Reaction Paper The benefits of inclusive education are numerous for both students with and without disabilities and there is not any research that shows any negative effects from inclusion done appropriately with the necessary supports and services for students to actively participate and achieve IEP goals. Inclusion Education has its own pros and cons but I personally believe that though it may be a challenge to all concern, it is more beneficial in the long run.
For as long as there is a proper support system and they follow the modification to the letter, it will yield a more positive result. Inclusion remains a controversial topic in education because it relates to educational and social values, as well as to our sense of individual worth. There are advocates on both sides of the issue. Some view inclusion as a policy driven by an unrealistic expectation that trying to force all students into the inclusion mold is just as coercive and discriminatory as trying to force all students into the mold of a special education class or residential institution.
On the other side are those who believe that all students belong in the regular education classroom, and that “good” teachers are those who can meet the needs of all the students, regardless of what those needs may be. By implementing inclusion into schools, children learn to accept individual differences. The best way to help children overcome their misconceptions about kids who have disabilities is to bring them together in integrated settings.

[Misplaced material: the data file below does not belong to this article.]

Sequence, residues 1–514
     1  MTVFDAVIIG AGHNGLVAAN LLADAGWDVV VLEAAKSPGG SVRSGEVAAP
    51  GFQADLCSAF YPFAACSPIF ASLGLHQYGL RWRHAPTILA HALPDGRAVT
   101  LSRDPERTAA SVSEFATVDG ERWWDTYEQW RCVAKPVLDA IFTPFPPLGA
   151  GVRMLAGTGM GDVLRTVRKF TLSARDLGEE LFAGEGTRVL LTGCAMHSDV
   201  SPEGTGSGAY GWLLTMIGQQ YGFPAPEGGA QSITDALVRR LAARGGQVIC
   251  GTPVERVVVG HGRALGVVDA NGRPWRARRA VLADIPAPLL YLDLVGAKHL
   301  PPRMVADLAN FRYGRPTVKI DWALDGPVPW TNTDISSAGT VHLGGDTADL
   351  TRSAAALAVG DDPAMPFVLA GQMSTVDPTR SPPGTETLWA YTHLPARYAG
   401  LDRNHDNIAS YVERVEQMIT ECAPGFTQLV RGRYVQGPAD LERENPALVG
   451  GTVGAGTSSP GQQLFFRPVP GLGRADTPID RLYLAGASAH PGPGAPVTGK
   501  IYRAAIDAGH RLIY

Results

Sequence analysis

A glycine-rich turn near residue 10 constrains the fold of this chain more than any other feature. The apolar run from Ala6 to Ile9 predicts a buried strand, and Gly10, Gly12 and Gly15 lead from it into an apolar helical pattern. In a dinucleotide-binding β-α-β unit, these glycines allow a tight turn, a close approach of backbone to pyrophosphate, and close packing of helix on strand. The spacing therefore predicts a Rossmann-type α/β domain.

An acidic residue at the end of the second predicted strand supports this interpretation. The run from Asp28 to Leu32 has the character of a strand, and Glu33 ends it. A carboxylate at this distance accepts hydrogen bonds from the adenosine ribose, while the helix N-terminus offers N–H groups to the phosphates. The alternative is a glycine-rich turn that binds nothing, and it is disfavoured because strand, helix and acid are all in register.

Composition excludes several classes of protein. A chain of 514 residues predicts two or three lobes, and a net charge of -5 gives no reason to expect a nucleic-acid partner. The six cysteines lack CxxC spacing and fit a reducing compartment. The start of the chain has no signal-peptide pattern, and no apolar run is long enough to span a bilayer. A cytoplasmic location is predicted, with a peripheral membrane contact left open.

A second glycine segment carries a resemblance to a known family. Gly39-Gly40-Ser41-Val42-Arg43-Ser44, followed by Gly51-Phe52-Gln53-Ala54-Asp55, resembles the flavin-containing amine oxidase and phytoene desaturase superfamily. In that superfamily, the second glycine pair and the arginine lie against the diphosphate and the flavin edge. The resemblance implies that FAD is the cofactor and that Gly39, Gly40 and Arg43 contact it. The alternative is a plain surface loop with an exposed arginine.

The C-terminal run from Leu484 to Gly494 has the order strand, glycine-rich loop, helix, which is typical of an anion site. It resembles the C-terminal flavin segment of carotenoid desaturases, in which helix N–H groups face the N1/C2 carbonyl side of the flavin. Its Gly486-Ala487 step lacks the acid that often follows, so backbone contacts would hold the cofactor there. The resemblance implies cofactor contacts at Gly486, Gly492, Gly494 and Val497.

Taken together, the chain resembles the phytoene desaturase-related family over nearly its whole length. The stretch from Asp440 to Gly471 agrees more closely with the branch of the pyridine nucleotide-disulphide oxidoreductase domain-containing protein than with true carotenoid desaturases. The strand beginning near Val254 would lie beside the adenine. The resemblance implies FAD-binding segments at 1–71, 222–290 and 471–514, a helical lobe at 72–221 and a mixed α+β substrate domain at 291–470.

Kids are clustered in specific classes but distributed across all teachers. Students receive instructional supports that maximize their participation in the general education curriculum and their engagement in the general population. Teachers use a variety of strategies, including curriculum and instructional adaptations, peer tutoring, cooperative learning, and layered curriculum. The key factor here is a commitment to follow the necessary components. E. g.
Appropriate Supports and Services, based on individual’s and needs. Classroom, building and district decisions and planning reflect the needs of students with disabilities. Active Participation, all activities are designed to be accessible for all students. Collaboration and Team Planning, General and special education staff have ownership of students with disabilities. These are some of the ideal components for Inclusive education to work and though it is challenging, it is not impossible.
In progressive countries such as America, this is highly likely to work but in the Philippines, where the facilities are substandard, the teachers are overworked and the teacher student ratio is about 1:50, it is highly likely to work against the student with special needs. For it to do more good than harm, the school curriculum modifications and components should be followed to the letter. Otherwise, we should think twice about implementing inclusive education.